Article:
Thursday, January 7, 2016

My Review of The Source Family Documentary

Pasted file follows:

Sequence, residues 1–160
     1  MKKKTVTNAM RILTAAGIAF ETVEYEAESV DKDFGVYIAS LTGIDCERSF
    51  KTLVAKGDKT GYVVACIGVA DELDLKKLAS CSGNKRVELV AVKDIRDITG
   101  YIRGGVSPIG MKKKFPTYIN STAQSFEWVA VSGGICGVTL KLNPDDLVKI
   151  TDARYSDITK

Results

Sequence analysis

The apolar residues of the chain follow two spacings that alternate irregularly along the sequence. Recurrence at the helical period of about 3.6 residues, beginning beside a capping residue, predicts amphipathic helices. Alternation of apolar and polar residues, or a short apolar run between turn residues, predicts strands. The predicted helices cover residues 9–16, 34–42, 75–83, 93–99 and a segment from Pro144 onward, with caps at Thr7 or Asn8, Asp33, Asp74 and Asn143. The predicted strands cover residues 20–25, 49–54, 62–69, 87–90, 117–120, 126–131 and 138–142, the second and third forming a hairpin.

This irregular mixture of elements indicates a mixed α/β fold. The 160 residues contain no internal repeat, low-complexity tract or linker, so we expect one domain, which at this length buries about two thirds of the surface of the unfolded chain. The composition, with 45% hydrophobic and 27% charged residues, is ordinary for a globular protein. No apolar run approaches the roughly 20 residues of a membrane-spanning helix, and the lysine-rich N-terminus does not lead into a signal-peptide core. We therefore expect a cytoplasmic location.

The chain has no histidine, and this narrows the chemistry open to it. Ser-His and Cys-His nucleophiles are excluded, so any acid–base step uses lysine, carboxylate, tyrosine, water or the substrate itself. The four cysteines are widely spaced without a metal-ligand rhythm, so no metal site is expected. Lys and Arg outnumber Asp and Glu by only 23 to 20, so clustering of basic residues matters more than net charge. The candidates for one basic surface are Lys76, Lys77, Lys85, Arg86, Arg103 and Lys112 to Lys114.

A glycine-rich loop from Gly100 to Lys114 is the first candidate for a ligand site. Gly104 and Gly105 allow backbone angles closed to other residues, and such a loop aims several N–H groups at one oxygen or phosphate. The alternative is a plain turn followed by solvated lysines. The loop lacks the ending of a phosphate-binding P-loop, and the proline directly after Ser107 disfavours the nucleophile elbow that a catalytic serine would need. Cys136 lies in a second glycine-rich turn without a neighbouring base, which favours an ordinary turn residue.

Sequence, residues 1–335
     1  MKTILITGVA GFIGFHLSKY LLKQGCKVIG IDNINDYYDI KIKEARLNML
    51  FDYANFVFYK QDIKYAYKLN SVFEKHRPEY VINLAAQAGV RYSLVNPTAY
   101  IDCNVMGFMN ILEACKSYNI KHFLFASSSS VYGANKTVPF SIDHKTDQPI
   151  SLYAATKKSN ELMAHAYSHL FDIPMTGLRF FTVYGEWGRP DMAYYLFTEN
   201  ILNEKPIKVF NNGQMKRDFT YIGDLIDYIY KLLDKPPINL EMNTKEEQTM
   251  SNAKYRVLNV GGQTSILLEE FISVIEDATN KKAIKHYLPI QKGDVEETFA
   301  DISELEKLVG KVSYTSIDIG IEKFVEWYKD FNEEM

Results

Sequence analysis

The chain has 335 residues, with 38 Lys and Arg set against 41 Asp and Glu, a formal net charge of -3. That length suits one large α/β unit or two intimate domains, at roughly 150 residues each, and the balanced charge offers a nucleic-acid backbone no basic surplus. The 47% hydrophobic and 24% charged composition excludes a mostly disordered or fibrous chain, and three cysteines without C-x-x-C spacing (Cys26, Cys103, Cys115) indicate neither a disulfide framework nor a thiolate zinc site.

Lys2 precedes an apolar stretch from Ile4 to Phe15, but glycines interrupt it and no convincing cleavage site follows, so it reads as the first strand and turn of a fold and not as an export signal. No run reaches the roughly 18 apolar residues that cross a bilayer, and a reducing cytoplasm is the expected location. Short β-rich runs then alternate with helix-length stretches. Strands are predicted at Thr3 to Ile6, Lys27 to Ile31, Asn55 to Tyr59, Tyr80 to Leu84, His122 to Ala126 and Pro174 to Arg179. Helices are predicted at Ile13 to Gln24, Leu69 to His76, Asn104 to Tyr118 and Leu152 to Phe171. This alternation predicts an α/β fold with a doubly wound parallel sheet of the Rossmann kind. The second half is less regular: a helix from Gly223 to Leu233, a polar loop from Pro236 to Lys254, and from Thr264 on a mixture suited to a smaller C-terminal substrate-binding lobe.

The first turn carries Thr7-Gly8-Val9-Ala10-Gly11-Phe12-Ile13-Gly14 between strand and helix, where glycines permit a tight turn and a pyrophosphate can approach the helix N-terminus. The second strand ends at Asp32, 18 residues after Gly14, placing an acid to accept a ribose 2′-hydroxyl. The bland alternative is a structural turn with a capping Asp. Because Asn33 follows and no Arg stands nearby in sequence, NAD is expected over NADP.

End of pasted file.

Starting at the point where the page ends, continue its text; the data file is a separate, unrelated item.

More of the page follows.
Since the documentary came out in 2012, there have been many 'reviews' done about it, along with many interviews done with only one person with the same self-serving, one-sided idealized narrative that much like Pinocchio's nose keeps growing exponentially with each telling; along with their own grandiose self-promotion.  So, I thought that I would review the documentary, since I did spend six years of my life in the damn thing and have firsthand experience.  I was sent a copy of the documentary not long after it was released on the public at SXSW in Austin in 2012, and at first watching it brought back all of the yucky, unsettling feelings and emotions that I had experienced 40+ years ago, that I had suppressed and tried to forget about, as I had gotten on with my life having nothing whatsoever to do with either Father Yod or The Source Family any longer!  So watching the film conjured up all of the sordid memories and awful feelings of being in the group; so at first it was difficult for me to even watch.  Because, as with many others; it was a welcomed relief when the whole thing finally ended.  There was such a sense of welcomed relief when the 'Source Family' came to an end; it was like being released from an internment camp where you had suffered deprivations and were finally being released!  That is what it was like for many of us, when the entire Source Family debacle finally ended, when even though faced with the stress of having to scramble to figure out where you were going to go, and what you were going to do next, it still brought a welcomed euphoria of being released.  This was something that I feel the documentary failed to show.  But, life in The Source Family had become insufferable, where it had been reduced to most everyone having very little in the way of either food, or material comforts or possessions of any kind; yet where the few women who were considered Father Yod's/Yahowha's 'women' were still being taken care of and attended to using the little remaining resources and the financial support of one older gentleman, who was among those who continued to pander to 'Yahowha's mother-angel' and his other women treating them as though they were royalty, often where the needs of their own spouses and children became secondary to the needs of 'Yahowha's women.'  That was the extent of the maladaptive behaviors germinated within The Source Family, and where the majority of us just wanted the whole thing to end; which thankfully it finally did when it became imminently clear that 'the family' could no longer be supported as a group or a whole; as it had been from the income of The Source Restaurant back in Los Angeles where all of the profits went to support the entire group.  But, those days were over and only a handful of men/sons were capable of going out and earning money and the women with children were forced on to welfare, but even then it certainly wasn't enough to sustain the entire indigent group of 'family members'; especially since none of the women were allowed to work in the 'real' world the entire thing became unsustainable.  Yet, the documentary somehow gives the audience the impression that life within 'the family' was one of wealth and affluence, but then the glowing accounts and puffery describing Father Yod and life in the family by some of his more devout followers contributes to giving the audience a fairy tale perspective.  But, the realities of being in The Source Family were something other than the phantasmagoric imagery that some people have tried to present to the public at large, and where the voices of only one or two people have been heard, since the overwhelming majority of former 'Source Family' members like myself have wanted absolutely nothing to do with any of it any longer, and do not want to be associated with having been part of a cult where engaging in sexual activity with women in their menstrual cycles took precedence over everything else!  But, now I feel the overriding need to disabuse people/the public of the idealized narrative that is being foist upon them into believing that Father Yod and life in the family was something worthy of following or emulating.  I do feel that the two young women who made the documentary did the very best they could given the overembellished and one-sided story or version of events that was presented to them, and their limited exposure to a larger pool of former family members, and so because of that; I feel the film lacked any of the more harsher and negative opinions, views and memories of so many who actually populated the family, and the negative impact it had on their lives.  Which left only interviews with people who either had very little to do with the actual Source Family, or the small pool of people who made only very positive comments.  Robin Baker's interview segment was the only one that came close to describing just how damaging life within The Source Family had become or expressing the long-term negative impact that the experience had on so many who ended up feeling betrayed and taken advantage of by Jim Baker; people who feel embarrassment and regret for having believed and followed him for as long as they did.  Instead, the documentary mainly consists of interviews with onlookers and bystanders; people who knew Jim Baker before he morphed into Father Yod/Yahowha, several sensationalized sound bites to describe the overall experience, and an abundance of overzealous comments made by his most fervid and devoted followers; people who continue to worship, exalt and adore Jim Baker and who are trying to dust off and polish up his image to present Father Yod to the world again in the hopes of either re-forming The Source Family or at the very least to gain their own following and/or fan base.  Overall, I feel the documentary gives the viewing audience an incomplete and even incorrect view of what life was really like in The Source Family; where it gives the impression that life in 'the family' was an abundance of wealth and one long frolic in sex, drugs and rock and roll; when the reality was something quite different for the majority of people who comprised The Source Family; where only a few of Father Yod's favorites received 'special treatment' and were put into positions with buying power for either nicer clothing, or musical instruments and equipment deemed only for a select handful, where only a select few were given the opportunity to escape the doldrums of an otherwise powerless, enervated existence within The Source Family.  Ordinary family members like myself and my son's father, along with many others did not benefit from all of the money that was poured into either producing and promoting Yahowa 13 just so Father Yod could live out his rock star fantasy, or his travels to India, or in his private indulgences of eating at expensive restaurants in Beverly Hills or shopping at I.Magnin, or using cocaine riding in his Rolls Royce with only a chosen few on his way to play a high school to troll for new 'spiritual children' to add to the already overcrowded and unhealthy living conditions that life in The Source Family had become; to finally where Jim Baker escaped the deteriorating conditions at Doc Hill in Hilo to move to a lovely hilltop home in the expensive bedroom community of Lanikai on Oahu, with only his select entourage of 'women' spending his final days in idle self-indulgences which the remaining family members had no part.  I feel that the documentary failed to show all of the above and fell short of presenting the more harsher, negative experiences, views and memories of those who have been left with a feeling of being duped, used and even stupid for following Jim Baker, for as long as they did.